Saturday, January 25, 2014

The Monte Carlo Method Used to Approximate Pi

   The Monte Carlo method is a mathematical technique used to approximate the solution to a problem for which no known method for obtaining an exact solution is known.
   This project uses darts thrown at a circle inscribed in a square to illustrate the method. The ratio of the area of a circle inscribed in a square to the area of the square is π/4. If the ratio of the number of darts that land in the circle to the number of darts thrown (assuming all darts hit in the square) is multiplied by 4 then the result approximates the value of Pi. The more darts thrown, the closer the approximation.
   Below is a screenshot of the project. The project makes use of the parametric form of the circle equation, random numbers, and the Pythagorean theorem.
   To view and download this project just click on this link.

   To obtain a free pdf file that provides more detail about this Scratch project send an email to

Saturday, January 11, 2014

One Blind Mouse – An application of the Distance Formula

   In the previous post (The Distance Formula in Scratch, January 2014) I presented a tutorial on programming the distance formula from analytic geometry in Scratch.
   This Scratch project, One Blind Mouse, uses the distance formula to model how a blind mouse using its sense of smell can find a piece of cheese. The closer the mouse is to the cheeses, the stronger the smell and the farther away the mouse is from the cheese, the weaker the smell. Watch this very short video of the project.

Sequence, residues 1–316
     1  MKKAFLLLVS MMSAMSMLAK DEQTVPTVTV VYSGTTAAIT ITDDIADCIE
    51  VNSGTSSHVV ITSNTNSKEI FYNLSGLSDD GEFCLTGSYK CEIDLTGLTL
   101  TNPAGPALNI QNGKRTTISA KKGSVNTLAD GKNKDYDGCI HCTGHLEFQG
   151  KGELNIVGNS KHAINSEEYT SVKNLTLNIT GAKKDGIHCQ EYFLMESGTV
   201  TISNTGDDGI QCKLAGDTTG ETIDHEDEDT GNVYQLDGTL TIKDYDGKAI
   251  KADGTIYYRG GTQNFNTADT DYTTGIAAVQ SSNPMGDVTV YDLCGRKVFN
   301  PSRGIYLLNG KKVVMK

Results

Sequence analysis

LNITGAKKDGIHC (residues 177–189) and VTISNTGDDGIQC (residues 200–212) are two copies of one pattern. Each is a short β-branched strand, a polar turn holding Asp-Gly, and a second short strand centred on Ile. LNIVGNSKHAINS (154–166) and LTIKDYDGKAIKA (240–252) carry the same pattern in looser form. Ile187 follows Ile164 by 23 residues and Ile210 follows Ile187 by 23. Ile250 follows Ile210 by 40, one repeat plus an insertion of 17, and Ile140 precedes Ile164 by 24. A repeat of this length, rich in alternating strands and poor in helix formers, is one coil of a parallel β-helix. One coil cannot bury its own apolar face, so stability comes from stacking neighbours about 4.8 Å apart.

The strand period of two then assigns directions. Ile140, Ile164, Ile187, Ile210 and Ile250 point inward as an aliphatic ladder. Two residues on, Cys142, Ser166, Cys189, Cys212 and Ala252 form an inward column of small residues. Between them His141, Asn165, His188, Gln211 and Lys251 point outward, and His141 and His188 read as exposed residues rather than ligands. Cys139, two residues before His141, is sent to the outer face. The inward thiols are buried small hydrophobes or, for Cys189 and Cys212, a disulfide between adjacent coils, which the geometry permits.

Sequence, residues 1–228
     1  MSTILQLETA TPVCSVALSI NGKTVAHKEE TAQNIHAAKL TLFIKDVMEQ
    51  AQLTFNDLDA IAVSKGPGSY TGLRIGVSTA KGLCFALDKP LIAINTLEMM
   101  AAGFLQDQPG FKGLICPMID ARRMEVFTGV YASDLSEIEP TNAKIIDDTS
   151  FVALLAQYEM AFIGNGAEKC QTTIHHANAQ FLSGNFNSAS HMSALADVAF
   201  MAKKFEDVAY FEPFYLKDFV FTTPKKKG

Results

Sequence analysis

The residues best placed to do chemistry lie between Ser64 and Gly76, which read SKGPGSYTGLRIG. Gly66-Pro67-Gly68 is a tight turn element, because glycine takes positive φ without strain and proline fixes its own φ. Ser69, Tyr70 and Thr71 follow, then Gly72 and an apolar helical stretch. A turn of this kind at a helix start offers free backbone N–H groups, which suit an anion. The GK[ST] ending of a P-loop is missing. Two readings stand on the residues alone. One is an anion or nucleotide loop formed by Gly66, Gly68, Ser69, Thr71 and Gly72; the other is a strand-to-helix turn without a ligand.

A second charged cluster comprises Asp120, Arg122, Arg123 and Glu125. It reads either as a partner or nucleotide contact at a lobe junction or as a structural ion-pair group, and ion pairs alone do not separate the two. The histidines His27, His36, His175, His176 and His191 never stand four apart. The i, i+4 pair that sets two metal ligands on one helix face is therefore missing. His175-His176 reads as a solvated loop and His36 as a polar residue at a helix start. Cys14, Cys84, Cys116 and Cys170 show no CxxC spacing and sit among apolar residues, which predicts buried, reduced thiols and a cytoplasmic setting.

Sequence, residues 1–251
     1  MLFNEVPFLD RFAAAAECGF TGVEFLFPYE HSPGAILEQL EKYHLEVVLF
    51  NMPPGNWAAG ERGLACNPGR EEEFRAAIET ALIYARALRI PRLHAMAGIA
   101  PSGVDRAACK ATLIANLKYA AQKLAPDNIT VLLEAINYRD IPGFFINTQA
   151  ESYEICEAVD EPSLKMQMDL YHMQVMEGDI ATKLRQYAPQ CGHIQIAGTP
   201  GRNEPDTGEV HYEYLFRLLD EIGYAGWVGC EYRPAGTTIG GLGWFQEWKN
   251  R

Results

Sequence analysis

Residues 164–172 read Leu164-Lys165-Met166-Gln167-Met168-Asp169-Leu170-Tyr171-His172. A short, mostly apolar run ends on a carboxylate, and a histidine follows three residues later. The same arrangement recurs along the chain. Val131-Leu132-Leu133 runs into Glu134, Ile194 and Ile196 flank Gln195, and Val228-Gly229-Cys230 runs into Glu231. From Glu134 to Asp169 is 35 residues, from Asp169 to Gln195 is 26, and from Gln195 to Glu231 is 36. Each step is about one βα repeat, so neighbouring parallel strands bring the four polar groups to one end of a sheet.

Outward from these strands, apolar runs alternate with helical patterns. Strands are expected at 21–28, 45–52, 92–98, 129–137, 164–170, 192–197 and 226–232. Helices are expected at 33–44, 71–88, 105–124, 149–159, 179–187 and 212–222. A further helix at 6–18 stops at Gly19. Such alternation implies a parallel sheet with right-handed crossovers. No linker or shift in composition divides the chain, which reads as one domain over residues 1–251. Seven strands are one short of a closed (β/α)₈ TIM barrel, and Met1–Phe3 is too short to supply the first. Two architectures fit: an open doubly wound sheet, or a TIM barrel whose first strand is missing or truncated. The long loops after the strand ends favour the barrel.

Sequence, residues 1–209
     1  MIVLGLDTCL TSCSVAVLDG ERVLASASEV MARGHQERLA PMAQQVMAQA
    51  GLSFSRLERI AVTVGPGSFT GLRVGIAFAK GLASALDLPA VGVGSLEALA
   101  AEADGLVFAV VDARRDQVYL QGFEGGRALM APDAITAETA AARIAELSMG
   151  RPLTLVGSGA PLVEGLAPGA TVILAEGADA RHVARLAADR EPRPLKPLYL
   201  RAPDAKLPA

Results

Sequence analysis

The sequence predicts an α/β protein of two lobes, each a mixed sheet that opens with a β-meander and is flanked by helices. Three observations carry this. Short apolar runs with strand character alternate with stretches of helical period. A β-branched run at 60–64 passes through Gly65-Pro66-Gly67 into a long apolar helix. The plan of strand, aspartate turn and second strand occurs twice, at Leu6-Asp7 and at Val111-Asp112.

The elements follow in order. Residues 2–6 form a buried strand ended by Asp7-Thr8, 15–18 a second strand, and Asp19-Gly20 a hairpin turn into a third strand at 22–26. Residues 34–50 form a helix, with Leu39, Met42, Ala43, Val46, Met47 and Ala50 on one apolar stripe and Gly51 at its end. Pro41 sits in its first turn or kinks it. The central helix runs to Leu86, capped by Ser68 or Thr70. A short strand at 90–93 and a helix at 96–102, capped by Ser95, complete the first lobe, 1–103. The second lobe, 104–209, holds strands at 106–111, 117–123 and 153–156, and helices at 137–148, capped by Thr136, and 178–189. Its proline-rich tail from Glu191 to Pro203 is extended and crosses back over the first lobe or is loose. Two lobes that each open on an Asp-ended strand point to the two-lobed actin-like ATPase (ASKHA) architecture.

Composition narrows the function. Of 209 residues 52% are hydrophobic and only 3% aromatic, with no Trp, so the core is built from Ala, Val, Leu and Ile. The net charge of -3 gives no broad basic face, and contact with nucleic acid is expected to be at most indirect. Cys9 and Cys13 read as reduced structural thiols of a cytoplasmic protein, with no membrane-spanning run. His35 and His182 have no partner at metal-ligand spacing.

In the project, the algorithm causes the blind mouse to move over the plane, turning towards the cheese so as to continually shorten the distance between it and the cheese. When the red tip of the mouse's cane touches the cheese, the mouse has found it. Note that the mouse always spirals into the cheese even though 'spiral' is not in the code!
   You can view and download the project by clicking on this link.

Tuesday, January 7, 2014

The Distance Formula in Scratch

   I've written a short tutorial (in pdf format) that takes you step by step through the process of coding, in Scratch, the distance formula from analytic geometry.
   The tutorial follows the Algorithmic Thinking Model (see the December 2012 post, Algorithmic Thinking) that teaches that programming (or, to use the current term, coding) is a set of skills and not a single skill.
   View this short video that shows one of the Scratch scripts discussed in the tutorial. In the video, an ant chases a mouse-pointer as the pointer is moved around the screen. The distance between the ant and the mouse-pointer is computed using the distance formula.
   The script stops if the distance between the ant and the mouse-pointer is less than one.

   You can obtain a free copy of the Distance Formula Tutorial describing how to code the distance formula to create the script seen in the video by sending and email request to